A switch of genre for this most interesting of SF writers, a woman who can weaponise pronouns and shock you into a new way of thinking.
Pronouns feature again, here: this novel is told in the second person. The narrator is, it is gradually revealed, a rock that fell from space and is also a god in a fantasy world filled with minor and local gods. The object of the narration, the you of the sentences, is a transgender soldier who acts as loyal factotum to a princeling, an heir to a throne, who appears to have been cheated out of his inheritance by a wicked uncle. Except not really a prince, not really a throne, because this is Ann Leckie.
So it’s a little bit like Hamlet. Something is rotten in the
state city city state overseen by the Raven, a god who lives in the titular tower. A god who incarnates as a raven, but then also speaks through a human who acts as the Raven’s representative. Not a king so much as a minor pope. And then of course the princeling is not a prince so much as an heir to a minor papacy, except not quite. When the raven incarnate, the bird, dies, the Pope, the Raven’s Lease, is also supposed to die, his sacrifice giving more power to the Raven, who is immediately reborn into an egg. Because it’s a Lease, right, you’re only there for as long as the bird lives.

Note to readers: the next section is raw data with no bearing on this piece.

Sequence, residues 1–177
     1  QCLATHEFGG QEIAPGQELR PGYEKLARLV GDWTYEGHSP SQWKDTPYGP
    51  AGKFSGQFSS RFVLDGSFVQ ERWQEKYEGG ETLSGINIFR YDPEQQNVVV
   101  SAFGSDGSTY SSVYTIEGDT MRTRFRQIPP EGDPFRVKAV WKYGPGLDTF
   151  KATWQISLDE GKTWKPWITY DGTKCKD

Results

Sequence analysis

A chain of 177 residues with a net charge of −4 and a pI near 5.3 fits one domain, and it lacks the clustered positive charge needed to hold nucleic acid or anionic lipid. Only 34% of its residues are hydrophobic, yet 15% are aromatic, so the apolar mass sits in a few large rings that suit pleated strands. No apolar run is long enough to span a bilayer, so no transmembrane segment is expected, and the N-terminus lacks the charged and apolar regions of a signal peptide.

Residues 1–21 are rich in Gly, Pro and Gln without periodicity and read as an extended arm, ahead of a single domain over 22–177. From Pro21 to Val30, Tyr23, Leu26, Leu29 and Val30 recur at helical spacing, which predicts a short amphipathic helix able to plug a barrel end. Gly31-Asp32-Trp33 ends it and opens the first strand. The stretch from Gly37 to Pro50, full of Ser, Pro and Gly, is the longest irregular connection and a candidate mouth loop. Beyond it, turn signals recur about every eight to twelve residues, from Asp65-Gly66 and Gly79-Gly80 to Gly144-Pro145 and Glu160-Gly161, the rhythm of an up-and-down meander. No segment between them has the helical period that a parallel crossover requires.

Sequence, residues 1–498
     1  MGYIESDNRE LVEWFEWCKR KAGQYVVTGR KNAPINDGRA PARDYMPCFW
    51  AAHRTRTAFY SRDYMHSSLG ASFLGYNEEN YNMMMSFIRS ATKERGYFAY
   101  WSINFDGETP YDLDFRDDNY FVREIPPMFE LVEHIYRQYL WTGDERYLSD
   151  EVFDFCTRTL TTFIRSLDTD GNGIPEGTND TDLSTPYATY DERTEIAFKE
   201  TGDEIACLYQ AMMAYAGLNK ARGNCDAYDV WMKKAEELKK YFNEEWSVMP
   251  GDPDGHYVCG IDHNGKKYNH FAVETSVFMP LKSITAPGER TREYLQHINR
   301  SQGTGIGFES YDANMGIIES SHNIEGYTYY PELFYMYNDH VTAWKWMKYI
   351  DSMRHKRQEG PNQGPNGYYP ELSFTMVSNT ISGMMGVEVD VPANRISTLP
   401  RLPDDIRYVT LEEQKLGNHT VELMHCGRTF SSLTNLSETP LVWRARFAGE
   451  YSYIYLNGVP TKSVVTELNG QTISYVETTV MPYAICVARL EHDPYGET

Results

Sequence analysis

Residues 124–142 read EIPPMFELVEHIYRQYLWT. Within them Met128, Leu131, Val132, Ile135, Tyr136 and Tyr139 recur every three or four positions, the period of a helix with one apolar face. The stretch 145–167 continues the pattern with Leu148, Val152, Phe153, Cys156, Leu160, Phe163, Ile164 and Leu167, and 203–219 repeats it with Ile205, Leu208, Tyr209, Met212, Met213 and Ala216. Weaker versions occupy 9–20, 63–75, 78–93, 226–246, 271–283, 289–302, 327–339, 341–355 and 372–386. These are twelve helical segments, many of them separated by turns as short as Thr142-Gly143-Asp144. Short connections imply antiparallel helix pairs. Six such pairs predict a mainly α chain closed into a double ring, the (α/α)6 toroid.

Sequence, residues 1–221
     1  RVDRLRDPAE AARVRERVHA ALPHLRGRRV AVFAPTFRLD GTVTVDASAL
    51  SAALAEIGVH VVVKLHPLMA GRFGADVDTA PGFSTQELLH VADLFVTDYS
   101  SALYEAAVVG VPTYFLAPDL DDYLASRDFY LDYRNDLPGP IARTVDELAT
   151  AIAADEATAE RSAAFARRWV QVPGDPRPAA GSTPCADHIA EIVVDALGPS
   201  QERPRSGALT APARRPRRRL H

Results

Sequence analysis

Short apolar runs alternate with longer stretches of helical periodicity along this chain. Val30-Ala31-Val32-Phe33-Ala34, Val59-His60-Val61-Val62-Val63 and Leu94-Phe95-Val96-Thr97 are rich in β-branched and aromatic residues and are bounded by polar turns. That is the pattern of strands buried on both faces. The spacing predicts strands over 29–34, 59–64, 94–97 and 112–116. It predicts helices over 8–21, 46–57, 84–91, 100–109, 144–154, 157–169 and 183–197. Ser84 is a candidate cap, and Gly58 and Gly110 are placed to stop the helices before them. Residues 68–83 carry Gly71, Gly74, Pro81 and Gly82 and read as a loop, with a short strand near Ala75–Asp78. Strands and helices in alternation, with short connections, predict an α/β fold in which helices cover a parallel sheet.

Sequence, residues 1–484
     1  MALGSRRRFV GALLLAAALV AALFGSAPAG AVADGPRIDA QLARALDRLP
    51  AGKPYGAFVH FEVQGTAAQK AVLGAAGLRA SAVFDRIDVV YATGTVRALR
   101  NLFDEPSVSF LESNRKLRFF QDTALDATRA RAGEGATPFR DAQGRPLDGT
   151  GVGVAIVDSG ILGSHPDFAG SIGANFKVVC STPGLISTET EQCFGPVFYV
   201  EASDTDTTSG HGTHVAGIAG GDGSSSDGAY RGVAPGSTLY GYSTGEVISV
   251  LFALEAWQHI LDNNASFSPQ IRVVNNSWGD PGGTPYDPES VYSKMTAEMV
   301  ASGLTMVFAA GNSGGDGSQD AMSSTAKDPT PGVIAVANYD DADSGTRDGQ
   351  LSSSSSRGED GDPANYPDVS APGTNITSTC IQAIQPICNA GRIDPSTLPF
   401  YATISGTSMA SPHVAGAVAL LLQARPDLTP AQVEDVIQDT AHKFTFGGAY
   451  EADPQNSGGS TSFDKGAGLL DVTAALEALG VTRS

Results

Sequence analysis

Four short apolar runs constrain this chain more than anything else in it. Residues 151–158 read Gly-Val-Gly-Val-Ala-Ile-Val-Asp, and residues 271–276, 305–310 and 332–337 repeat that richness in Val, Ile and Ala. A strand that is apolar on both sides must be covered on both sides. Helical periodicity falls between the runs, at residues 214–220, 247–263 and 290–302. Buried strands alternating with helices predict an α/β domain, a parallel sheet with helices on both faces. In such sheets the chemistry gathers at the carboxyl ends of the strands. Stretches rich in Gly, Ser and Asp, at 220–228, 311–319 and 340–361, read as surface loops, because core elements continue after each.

And then there’s a liminal stage, between incarnations, as the egg waits to hatch. What then? Who’s running the show? What’s that grinding noise coming from below?
Local gods is exactly where I live, part of the title of my PhD thesis. Local gods who lose their power but are still worshipped by some small band of people; local gods who are subsumed and defeated by other, more powerful local gods, and so on.
There are two strands to this narrative. One is the slowly emerging, patiently told story of the rock who fell to earth. The other is the more urgent here-and-now tale of the transgender soldier, his Hamlet-like Leaseling, and the wicked uncle who appears to be up to no good. One narrative is about an immortal (?) being who has all the time in the world; the other is about short-lived, fragile humans who do not.
Hence the pacing, a slow build so that it that took me some percentage of the novel to get on board. But then it gets more interesting, once you get what’s going on. Like Becky Chambers’ work, these narratives spiral around and come together in a close and common orbit, and they reach the same conclusion, as it were.
As with most fantasy novels, this is left open for a sequel, an immediate divergence from that same conclusion, which is kind of maddening. But then Leckie’s Imperial Radch space opera series was a three book series, and the way the publishing industry operates is on such franchises, so it’s more or less inevitable. Interesting, though, that no sequel has appeared for Provenance, her previous SF novel, which I also enjoyed.
So here we are, at what appears to be the beginning of another series. It’s good. The pronouns here don’t quite have the same sting, but it’s still a patiently built universe with, clearly, many stories to tell. If I’ve a criticism it’s that the second person narration doesn’t provide an inner life for the central (human) character, so we don’t really learn much about him, other than that he’s loyal and brave. Perhaps the second in the series will give us more.